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Bust the fakes

Has value engineering been misused as an excuse for cheap knock-offs?

Stuart Matthews.
Stuart Matthews.

I get to talk to many parts of the construction industry and some are more talkative than others. Interior designers are a case in point.

Back in the glory days, they enjoyed massive budgets and considerable creative freedom. Since the industry started to feel the pinch things have changed.

Naturally, coming at the very end of the build, they are engaged at a time when the client is likely to be most cash strapped, or looking for a budgetary quick fix. This might explain why interior designers are cursing the name of value engineers up and down the Gulf.

Now, they may be taking this name in vain. Value engineers can make a ‘valuable’ contribution, so before any of you feel outraged and slighted, put your pens away. A sensible review of a project can produce financial gains, streamline processes, and help contractors see the wood for the trees on a job they may simply have got too close to.

However, interior designers are concerned, rightly, at an erosion of quality that has resulted, especially in commercial fit-outs. The biggest sign of this is the use of fakes. Knock-off design pieces are being used instead of the real thing.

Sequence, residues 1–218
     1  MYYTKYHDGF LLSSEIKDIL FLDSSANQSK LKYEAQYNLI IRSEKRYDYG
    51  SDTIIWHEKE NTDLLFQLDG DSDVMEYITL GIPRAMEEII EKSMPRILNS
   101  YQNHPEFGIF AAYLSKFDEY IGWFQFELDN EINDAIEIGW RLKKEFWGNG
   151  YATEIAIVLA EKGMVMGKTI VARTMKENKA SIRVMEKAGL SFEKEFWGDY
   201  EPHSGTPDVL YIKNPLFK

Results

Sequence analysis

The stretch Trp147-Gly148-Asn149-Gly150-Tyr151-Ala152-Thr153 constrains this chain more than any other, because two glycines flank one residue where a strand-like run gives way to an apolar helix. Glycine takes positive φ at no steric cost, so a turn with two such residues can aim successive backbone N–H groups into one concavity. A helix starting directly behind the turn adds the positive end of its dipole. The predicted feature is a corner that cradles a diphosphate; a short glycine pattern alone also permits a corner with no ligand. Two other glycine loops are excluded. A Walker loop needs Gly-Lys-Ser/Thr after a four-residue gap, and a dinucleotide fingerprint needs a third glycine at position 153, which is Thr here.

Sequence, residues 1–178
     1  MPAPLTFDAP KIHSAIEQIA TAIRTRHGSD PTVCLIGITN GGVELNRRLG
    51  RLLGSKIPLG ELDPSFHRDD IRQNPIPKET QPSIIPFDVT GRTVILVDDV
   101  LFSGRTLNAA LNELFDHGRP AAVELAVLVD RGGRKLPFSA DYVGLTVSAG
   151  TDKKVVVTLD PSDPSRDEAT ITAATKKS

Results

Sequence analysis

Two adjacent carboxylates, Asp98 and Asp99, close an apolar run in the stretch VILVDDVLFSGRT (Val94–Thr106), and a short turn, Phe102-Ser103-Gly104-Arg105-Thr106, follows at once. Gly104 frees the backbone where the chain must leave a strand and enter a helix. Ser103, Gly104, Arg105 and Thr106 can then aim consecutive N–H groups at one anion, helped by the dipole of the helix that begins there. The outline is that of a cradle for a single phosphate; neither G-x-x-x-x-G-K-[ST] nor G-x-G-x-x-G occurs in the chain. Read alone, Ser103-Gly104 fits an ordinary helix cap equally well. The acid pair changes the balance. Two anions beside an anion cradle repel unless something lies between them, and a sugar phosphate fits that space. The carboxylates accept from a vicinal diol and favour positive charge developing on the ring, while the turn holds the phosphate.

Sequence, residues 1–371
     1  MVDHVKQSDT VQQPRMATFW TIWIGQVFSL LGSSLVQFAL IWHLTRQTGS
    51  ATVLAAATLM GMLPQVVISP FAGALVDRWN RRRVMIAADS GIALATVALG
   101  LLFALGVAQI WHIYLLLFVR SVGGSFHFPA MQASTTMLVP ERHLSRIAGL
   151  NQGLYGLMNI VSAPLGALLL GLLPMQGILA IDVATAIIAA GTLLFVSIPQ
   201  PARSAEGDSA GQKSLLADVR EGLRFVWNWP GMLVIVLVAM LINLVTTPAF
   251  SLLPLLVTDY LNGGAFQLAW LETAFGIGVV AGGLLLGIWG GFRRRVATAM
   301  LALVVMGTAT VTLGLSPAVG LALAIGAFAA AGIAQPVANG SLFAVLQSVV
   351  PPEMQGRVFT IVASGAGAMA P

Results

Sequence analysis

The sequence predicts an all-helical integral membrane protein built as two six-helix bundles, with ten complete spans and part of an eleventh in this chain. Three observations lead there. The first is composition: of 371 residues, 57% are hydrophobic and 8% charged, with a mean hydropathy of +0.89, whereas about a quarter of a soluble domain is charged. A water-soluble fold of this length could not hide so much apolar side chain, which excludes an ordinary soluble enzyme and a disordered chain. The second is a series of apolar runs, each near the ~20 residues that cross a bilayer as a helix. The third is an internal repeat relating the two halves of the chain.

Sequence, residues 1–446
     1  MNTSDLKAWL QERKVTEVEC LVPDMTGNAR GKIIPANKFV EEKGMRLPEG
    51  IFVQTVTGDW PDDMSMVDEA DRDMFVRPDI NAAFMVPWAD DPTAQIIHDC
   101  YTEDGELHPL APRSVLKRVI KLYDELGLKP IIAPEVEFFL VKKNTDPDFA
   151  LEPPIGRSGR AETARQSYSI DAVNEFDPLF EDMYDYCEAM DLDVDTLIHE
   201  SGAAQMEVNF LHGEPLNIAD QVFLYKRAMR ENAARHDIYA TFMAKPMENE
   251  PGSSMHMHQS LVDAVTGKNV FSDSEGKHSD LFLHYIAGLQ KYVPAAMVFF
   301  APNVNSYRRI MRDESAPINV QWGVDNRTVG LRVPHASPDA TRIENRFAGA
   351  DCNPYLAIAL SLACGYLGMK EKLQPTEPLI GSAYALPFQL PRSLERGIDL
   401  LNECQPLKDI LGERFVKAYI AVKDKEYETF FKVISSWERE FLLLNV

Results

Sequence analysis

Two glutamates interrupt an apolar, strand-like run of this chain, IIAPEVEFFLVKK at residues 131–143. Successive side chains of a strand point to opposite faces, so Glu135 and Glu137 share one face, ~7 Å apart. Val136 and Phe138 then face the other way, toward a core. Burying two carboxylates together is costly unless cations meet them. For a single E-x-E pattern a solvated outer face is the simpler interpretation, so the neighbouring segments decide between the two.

Where once a hotel might have been full of genuine pieces, designers now report that you will have seen the last of the real thing by the time you reach the lifts in the lobby.

A certain amount of fakery is to be expected and, let’s be honest, a knock-off coffee table is unlikely to cause a business-critical operational failure. But if people are faking the things we can see, what about the stuff we can’t?

While value engineers are bearing the brunt of the interior design ire, they are not to blame.

Sometimes those procuring supplies are genuinely scammed by unscrupulous dealers, flogging counterfeit goods. But that’s not always the case. If something seems like an amazing bargain, that’s probably a clue to a product’s origins.

Someone is still making the conscious decision to use fakes, which, in its most serious form, can at best damage legitimate businesses and at worst endanger lives.

Clients, or project developers, have to bear the responsibility for creating a business environment where fakes are deemed to be acceptable. Denying knowledge after the fact will not wash.

While high-profile busts of the fakers occasionally make the regional papers – the emirate of Sharjah is especially active, but also seems to be used as a centre for considerable quantities of commercial fraud – the punishments just aren’t tough enough: the fakes keep coming back.

This frustrates the real, well-known manufacturers of everything from pumps, parts, sofas and light fittings. It turns out it frustrates designers too, especially when their name is associated with a fit-out that has strayed from their original design intent.

Frustrations aside, it continues to be tough to do anything about it. Until more severe punishments are in place, throughout the Gulf, for supplying outright counterfeits, fakes will continue to infiltrate the good work of designers and value engineers alike.

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